Every time the Fellows file a parole request they attach the latest information on COVID cases reported at BTC. The current number is 148, and climbing. Jasmine has had a few clients released but said it’s mostly arbitrary as she’s had clients who have a strong case to be released for medical reasons, denied parole.

They recently learned that all female detainees at BTC are in quarantine. “Obviously there is an outbreak. And if they are in quarantine we can’t speak with them, we just have to hope they call us on the phone,” said Jasmine. Some of their clients have also been transferred to different detention centers, increasing the risk of infection and making it harder for their clients to reach them.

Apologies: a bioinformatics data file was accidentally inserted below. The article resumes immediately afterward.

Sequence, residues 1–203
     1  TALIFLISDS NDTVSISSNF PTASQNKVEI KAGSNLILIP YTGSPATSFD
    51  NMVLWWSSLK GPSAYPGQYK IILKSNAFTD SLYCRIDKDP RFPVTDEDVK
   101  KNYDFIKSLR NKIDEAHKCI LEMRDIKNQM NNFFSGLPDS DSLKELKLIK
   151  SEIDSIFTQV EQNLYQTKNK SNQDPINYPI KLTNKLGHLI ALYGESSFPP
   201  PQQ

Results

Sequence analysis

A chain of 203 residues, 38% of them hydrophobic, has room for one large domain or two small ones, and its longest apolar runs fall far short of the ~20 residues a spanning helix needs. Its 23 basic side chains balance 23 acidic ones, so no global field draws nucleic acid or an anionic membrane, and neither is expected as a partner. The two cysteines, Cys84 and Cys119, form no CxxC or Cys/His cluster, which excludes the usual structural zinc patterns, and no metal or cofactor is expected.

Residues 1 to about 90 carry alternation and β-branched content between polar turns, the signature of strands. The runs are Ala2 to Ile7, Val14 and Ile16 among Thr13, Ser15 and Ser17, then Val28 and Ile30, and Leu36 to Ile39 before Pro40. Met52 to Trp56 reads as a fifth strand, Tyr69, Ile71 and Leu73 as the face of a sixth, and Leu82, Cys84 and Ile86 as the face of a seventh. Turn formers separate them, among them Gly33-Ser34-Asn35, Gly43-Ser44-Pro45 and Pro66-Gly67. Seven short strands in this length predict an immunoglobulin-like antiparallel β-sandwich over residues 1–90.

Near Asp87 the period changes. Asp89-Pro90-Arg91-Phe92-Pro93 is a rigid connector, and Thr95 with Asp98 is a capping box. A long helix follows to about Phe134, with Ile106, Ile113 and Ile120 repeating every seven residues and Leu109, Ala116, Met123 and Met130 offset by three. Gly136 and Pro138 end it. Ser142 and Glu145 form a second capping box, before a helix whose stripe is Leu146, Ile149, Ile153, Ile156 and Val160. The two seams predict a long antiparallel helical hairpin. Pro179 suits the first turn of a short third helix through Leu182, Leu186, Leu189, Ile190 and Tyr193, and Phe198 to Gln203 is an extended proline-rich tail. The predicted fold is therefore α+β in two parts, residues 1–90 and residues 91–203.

IJC’s focus on mentorship was a big reason they both applied for the Fellowship. According to Brizeyda it was a big relief to know “we weren’t going to start a new career without support. I love the fact that IJC has mentoring built in.”

Jasmine and Marisol Silva

Jasmine was inspired to become an IJC Fellow by her law school mentor and IJC 4th year Justice Fellow, Marisol Silva. “Being the only one in my family who went to law school, having that mentorship from her was very important,” she said.

Randy McGrorty said bringing in Jasmine and Brizeyda as Justice Fellows is something CLS could never have afforded to do on their own. “Support from IJC is really affirming to our work. We know we aren’t out here alone,” he said. That support is about to double. In September, Jasmine and Brizeyda began a third year of their Fellowship at CLS and will soon be joined by two new Justice Fellows from the Class of 2020 – Annabelle Veronica Gonzalez and Liz Hannah.

“It’s so vital to have Fellows at BTC, because while it’s nearly impossible it’s not impossible,” said Jasmine. “We have made a difference and over time and I think that can only grow.”